Dimora made no effort to duck reporters who followed him out of the courtroom. Outside, he addressed the media.

"It's a beautiful day in Cleveland, Ohio," he said, and vowed to complete his term as a county commissioner. "I've had a great tenure, and I'm going to finish it out."

Dimora's voice rose as he spoke about the wire taps that the FBI apparently used to gather voluminous evidence against him.

"What all of us should be worried about is the fact that American citizens have to be worried about their phones being tapped, their children's phones being tapped and their spouses'."

Meanwhile, county administrator James McCafferty said county employees indicted today will go on unpaid leave, but not elected officials. Dimora and the judges will continue to get paid but all three were put on leave.

McCafferty said he was checking with the county prosecutor's office to see if anything can be done to replace Dimora if he doesn't voluntarily resign, and what it would mean if Dimora misses many meetings.

The reach of the scandal might turn out to be highly unusual, said Case Western Reserve University law and political science professor Jonathan Entin, because it involves an old-fashioned, political-party operation, far more common in 19th- and early 20th-century U.S. politics.

"It starting to look like the classic 'machine,' " Entin said after reading Wednesday's indictments. "As the Democratic county chair, Jimmy Dimora built a party organization" that has no peer in contemporary local politics.

Unlike the recent influence-peddling case against former Illinois Gov. Rod Blagojevich, the Cuyahoga County case bears more resemblance to that of the notorious William Magear "Boss" Tweed, convicted in 1873 in New York's Tammany Hall corruption case, Entin said.

The Cuyahoga case also resembles two judicial-corruption cases in 20th-century Chicago politics, Entin said.

Reactions to Wednesday's indictments ranged from joy to dismay.

Rachel Manias, a Broadview Heights Republican who occasionally attends county commissioner meetings and at least once got blasted by Jimmy Dimora, showed up at the county building wearing an FBI T-shirt and carrying a hand-made sign saying, "Thanks, FBI!"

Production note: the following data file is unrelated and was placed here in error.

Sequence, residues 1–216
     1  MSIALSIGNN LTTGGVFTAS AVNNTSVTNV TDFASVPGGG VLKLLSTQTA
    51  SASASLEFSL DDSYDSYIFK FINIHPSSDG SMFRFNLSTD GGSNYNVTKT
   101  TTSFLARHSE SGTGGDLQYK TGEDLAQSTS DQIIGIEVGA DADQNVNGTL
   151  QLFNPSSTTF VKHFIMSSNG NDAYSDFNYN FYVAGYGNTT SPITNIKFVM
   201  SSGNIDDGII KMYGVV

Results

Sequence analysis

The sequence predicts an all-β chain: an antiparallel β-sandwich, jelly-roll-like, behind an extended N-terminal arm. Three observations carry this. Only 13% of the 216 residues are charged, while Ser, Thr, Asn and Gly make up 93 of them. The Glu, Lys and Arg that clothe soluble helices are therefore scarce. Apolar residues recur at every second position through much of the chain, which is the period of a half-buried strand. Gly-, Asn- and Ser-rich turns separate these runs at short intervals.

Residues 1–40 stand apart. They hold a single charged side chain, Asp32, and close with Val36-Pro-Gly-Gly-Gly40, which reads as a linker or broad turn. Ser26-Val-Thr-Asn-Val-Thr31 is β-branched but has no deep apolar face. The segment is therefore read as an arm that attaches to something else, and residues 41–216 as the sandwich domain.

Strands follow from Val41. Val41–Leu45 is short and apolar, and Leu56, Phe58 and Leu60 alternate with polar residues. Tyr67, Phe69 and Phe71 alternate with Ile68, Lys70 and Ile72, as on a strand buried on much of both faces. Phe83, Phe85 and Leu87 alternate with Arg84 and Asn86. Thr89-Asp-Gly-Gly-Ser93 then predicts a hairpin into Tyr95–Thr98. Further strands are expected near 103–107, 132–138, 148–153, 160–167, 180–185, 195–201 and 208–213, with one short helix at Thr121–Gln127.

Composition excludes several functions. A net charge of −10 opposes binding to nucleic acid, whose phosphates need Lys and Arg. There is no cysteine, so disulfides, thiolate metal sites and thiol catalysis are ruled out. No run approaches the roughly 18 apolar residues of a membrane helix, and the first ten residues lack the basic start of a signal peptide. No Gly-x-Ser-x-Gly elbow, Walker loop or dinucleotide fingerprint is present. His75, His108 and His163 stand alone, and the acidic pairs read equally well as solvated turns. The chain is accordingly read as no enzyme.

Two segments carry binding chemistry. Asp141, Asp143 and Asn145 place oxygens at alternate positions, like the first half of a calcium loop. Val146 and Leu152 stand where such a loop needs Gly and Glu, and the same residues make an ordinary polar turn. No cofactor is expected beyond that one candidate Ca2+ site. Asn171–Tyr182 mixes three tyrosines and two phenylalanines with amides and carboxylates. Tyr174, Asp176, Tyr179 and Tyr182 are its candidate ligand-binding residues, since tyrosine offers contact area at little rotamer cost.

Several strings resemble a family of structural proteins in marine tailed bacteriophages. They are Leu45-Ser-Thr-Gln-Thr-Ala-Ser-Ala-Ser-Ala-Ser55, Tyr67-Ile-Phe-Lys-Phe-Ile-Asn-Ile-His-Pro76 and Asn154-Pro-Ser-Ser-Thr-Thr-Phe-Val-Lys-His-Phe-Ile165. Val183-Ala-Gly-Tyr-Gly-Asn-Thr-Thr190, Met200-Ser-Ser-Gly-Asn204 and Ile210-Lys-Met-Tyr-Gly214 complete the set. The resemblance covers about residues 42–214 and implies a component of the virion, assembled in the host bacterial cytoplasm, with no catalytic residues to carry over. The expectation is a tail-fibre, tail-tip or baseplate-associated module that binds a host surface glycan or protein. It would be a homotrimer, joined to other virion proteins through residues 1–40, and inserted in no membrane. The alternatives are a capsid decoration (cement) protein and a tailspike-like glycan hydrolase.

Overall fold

"People are overjoyed," said Manias, who drove downtown on a whim. "I am thrilled! I feel like we can move forward with honest government. We have a real fresh slate."

Others, like County Treasurer Jim Rokakis, remained convinced that the end has not yet come.

"I wish this were the end of it, but I don't think it is," Rokakis said.

"I think there are a lot more indictments coming. Dimora has every right to defend himself in court. But he and Russo would have done us a great favor if they had stepped down along the way. I'm sure he will stay and collect every last dime of taxpayer money.

"If he shows up [at today's county commissioners meeting], the zoo continues."

Commissioner Hagan contended he and Jones were not involved, despite being referenced as Public Officials 10 and 9, respectively, in the indictments.

"We have 90-some days left, and our intention is to fulfill our obligations as public officials," Hagan said.

"People who work for the Board of County Commissioners, except for Dimora, no one who has worked for the Board of County Commissioners has been indicted or brought in. These are good and decent people."

Two county officials whose duties have come to an end, at least temporarily, are judges Bridget McCafferty and Steven Terry.

McCafferty, suspended by law because of the felony indictment, said she may ask the Ohio Supreme Court to allow her to stay on the bench.

Terry, arrested in front of his wife and 13-year-old son, looked glum as he entered the courtroom, shoulders slumped forward, hands cuffed behind his back. He was the last of the eight defendants to be brought into the courtroom Wednesday.

He pleaded not guilty to a single count of conspiracy to commit mail fraud. He also agreed to bond terms that will have him taking a leave of absence from his duties until his case is resolved.

The indictments also indicate there was an arrogant belief among the elected officials and businessmen implicated in the scandal that corruption could go on unchecked, and that they could get away with it all.

Two Dimora pals, then-DAS Construction executive Steven Pumper (who eventually pleaded guilty in the scandal) and auditor's office employee Michael D. Gabor (arrested Wednesday), even talked about creating a job for Dimora after he retired from politics, the indictment said.

They contemplated making Dimora a consultant to Green-Source Building Products, a company Pumper had an interest in, after the commissioner helped bring business to the Cleveland-based environmentally friendly building products firm, according to the indictment.

And after Dimora was tipped to a possible FBI investigation in May 2008, the indictment claims, Dimora told businessman Ferris Kleem, who admitted paying for a prostitute for Dimora the previous month during a trip to Las Vegas, that he was "always waiting for the other shoe to fall or drop."

Kleem told Dimora: "Everything is going to be good," and "don't worry too much."

But that was before the FBI took Dimora away in chains.